in 6/97, similar Iraqi attempts to bar inspectors from sites they had chosen
resulted in a UN threat to impose further sanctions.
Doc. Code : 7687
Middle Eastern security sources said that Iraq
has obtained guidance technology from the Russian RSM-50 (SS-N-18, Stingray)
submarine-launched ballistic missile. Iraq acquired the technology to develop
intermediate-range ballistic missiles. The RSM-50s are being destroyed
under the terms of the Strategic Arms Reduction Treaty I (START).
Loopholes Let Military 'Salvage' Into Iraq
by Mariya Samuilovna, Moscow Nezavisimoye Voyennooye Obozreniye
|On 9/12/95, divers employed by the UN Special Commission on Iraq
(UNSCOM), recovered gyroscopes from the bed of the Tigris River near Baghdad.
Estimates range from nine to 115-120 gyroscopes.
In February 1996, UNSCOM chairman Rolf Ekeus arrived in Moscow for talks at the Ministry of Foreign Affairs. After the talks, the Russian government agreed the "Iraqi gyroscopes" were Russian but insisted that the Russian government had no knowledge of the transaction.
Experts questioned why Iraq needed Russian gyroscopes, since Iraq is unable to use the gyroscopes, which had been re-cycled from Russian SLBMs by a Lebanese businessman, in their Scuds and shorter-range missiles. Ekeus said Iraq intended to use the Russian gyroscopes "for methodological and training purposes."
UNSCOM, along with US specialists, concluded that Iraq
is attempting to acquire guidance systems in order to manufacture its own
long-range missiles independently.
"PA Hiding Saddam's Arms Secrets"
|The Jerusalem Post, 11/6/97, by Jay Bushinsky [Online] http://www.jpost.co.il/News/Article-0.html|
|Members of the "Iraqi opposition"
said on 11/5/97 that the Palestine Authority's embassy in Baghdad was being
used to hide documents related to Iraq's buildup of weapons of mass destruction
(WMD). Opposition sources said that diplomatic immunity at the embassy
prevented UN arms inspectors from having access to the material. A "senior
figure" in the opposition movement said the documents deal with the purchase
of raw material to be used in Iraq's WMD program, and that his knowledge
came from "sources inside Iraqi intelligence."
 Christopher Walker, The Times (London), 11/7/97 [Online] http://www.Sunday-times.co.uk/news./11/07/timfgnmid01001.html?1074973,
"Iraqi Papers `Kept In Arafat Embassy.'"
Iraqis May Be Acting To Avoid Surveillance
|Washington Post, 11/6/97, by John M. Goshko [Online] http://www.washingtonpost.com/wp-s.te/1997-11/06/1471-110697- idx.html|
|UNSCOM chief Richard Butler said on 11/5/97 that Iraq
may be using the break in UN inspections to move equipment that could be
used to manufacture missiles out of range of cameras set up to monitor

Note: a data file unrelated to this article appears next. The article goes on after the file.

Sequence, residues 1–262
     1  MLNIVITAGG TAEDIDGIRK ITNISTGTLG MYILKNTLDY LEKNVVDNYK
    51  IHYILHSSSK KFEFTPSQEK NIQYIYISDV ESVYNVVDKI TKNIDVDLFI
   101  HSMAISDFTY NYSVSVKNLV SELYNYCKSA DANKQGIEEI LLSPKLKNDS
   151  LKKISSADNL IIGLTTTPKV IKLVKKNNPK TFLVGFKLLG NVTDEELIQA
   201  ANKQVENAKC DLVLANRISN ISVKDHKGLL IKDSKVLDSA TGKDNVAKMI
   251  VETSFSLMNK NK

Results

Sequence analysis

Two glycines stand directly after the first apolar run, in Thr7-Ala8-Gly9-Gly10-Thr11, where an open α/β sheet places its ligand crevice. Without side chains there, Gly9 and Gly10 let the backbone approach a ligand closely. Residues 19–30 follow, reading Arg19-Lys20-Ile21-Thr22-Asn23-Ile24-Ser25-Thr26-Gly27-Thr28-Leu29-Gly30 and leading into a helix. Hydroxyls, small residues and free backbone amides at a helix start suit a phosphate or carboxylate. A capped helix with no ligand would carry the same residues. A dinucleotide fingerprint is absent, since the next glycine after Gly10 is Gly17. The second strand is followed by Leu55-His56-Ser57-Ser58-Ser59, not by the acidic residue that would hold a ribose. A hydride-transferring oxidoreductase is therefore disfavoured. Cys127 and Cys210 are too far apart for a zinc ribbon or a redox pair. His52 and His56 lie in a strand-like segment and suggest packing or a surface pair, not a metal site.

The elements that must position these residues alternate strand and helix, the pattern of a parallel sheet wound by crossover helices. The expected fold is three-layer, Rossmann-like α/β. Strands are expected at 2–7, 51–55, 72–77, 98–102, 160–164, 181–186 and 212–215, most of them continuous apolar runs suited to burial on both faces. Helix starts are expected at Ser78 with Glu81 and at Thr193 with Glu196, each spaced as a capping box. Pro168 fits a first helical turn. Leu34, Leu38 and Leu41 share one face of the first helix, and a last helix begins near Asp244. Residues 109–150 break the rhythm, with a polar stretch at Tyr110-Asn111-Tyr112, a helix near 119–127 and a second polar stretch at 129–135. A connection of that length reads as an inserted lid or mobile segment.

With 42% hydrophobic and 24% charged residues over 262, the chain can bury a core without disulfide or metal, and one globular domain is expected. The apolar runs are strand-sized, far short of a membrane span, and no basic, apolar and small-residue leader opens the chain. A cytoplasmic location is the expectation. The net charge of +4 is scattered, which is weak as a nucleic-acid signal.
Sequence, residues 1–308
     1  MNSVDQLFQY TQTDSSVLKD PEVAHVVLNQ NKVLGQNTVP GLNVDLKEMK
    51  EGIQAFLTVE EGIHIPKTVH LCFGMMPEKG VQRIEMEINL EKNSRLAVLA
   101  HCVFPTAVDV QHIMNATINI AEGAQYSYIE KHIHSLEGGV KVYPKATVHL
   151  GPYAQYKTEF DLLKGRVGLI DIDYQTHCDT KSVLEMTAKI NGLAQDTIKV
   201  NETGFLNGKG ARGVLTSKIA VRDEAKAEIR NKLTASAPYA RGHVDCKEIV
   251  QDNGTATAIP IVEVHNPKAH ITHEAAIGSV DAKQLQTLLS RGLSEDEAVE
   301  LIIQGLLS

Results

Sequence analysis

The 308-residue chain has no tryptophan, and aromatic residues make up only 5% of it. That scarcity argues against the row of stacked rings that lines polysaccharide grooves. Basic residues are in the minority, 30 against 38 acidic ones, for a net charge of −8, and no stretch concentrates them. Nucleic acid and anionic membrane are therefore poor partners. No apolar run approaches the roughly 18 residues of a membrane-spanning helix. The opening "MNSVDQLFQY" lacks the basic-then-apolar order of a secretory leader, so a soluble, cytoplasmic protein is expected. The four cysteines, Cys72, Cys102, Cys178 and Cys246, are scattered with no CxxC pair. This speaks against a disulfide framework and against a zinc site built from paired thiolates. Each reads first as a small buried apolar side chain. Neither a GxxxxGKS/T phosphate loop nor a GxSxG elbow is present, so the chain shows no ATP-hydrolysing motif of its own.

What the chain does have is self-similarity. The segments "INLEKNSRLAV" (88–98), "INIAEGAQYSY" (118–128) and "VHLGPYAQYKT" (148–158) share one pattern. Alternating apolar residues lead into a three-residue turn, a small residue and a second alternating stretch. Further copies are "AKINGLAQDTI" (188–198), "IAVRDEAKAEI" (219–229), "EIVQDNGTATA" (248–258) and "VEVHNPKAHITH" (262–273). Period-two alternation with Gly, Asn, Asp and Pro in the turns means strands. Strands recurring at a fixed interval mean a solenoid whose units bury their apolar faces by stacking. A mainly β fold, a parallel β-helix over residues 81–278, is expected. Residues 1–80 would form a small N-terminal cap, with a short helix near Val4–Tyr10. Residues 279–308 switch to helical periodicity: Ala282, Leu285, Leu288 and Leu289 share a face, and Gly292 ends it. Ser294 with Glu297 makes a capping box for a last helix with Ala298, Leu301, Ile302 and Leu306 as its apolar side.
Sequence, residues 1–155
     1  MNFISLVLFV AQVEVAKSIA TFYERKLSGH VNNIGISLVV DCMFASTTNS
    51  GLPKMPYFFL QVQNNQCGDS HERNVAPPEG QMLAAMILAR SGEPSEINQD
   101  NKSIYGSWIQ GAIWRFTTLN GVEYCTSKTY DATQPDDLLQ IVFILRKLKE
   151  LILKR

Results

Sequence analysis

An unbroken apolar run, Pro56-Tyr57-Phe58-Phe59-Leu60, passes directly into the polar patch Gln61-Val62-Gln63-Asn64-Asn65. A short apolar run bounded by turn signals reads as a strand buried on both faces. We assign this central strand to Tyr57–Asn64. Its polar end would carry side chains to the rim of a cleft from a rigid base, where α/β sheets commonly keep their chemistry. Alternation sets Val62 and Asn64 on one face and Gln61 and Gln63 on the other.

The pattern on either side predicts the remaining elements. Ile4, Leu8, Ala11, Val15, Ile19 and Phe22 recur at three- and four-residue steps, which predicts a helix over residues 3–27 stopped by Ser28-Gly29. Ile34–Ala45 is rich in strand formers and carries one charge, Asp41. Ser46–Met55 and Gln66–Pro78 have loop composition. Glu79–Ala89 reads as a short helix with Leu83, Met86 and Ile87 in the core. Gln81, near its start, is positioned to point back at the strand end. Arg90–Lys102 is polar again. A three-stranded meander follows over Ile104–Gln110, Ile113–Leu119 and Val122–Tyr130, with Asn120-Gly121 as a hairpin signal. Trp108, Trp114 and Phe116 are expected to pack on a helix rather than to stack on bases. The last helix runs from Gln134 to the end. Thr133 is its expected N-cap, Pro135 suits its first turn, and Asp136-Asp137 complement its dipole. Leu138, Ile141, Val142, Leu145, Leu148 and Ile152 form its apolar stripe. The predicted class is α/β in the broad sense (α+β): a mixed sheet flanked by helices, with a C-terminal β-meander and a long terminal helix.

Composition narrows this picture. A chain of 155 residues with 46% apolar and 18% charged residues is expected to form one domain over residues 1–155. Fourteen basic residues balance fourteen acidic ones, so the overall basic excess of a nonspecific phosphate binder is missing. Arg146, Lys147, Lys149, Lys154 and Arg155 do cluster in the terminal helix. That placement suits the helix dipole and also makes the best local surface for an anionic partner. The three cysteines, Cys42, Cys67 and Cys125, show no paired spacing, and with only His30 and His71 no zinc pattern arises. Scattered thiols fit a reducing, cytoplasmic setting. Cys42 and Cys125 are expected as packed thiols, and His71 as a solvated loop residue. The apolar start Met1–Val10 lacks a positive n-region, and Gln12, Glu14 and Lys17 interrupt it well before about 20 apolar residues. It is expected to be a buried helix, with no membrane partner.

the equipment. According to a report Butler filed with the UN Security
Council, Iraqi officials appear to have moved "significant pieces of dual-capable
equipment, subject to monitoring by the commission's remote camera monitoring
system, out of view of the cameras." That equipment includes balancing
equipment used to balance precision gyroscopes that could be used in ballistic
missiles. Moving the equipment "without prior notification is prohibited
under the commission's monitoring plan and the equipment concerned is subject
to continuous camera monitoring, precisely because of its easy adaptation
of prohibited activities." said Butler. The report states that some cameras
appear to have been tampered with, lenses covered, and lighting turned
off in areas subject to camera monitoring.
If inspections were to resume immediately, inspectors would still need to reset security cameras, and recheck the machines or stocks they watch, according to Butler's report. In the meantime, inspectors would be unsure whether equipment had been used to produce prohibited arms or components, and then "carted away to hiding places."
 Barbara Crossette, "UN Told Iraq
Is Tampering With Arms-Monitoring Effort," New York Times [Online] http://www.nytimes.com/yr/mo/day/news/world/iraq-us.html,
After 7 Years Of Evasion, Iraq Has Tons Of Illicit Arms
|New York Times International, by Tim Weiner, 11/11/97, [Online] http://www.nytimes.com/yr/mo/day/news/world/iraq-un-recap.html|
|United States officials said that if political and economic sanctions
are lifted, the Iraqi President, Saddam
Hussein could manufacture destructive arsenal independently. Officials
added that Hussein could produce this arsenal with the material and expertise
that has been concealed from weapons inspectors for the last seven years.
Gary Milhollin, a private analyst of weapons proliferation, said, "Hussein's production capability has been put on hold" since the gulf war. "But his research effort has gone forward. We have to assume his scientists have progressed in understanding how to make better weapons of mass destruction."
US Defense Secretary William Cohen said that ever since the Gulf war, Iraq "has continued to try to develop chemical and biological weapons, and possibly even acquire nuclear materials," while "playing a hide and seek game" with the United Nations inspectors.
The Iraqis presented to the United
Nations last month a declaration of "full, final and complete disclosure"
of the biological warfare program. The United Nations said," the report
fails to give a remotely credible account" of the program.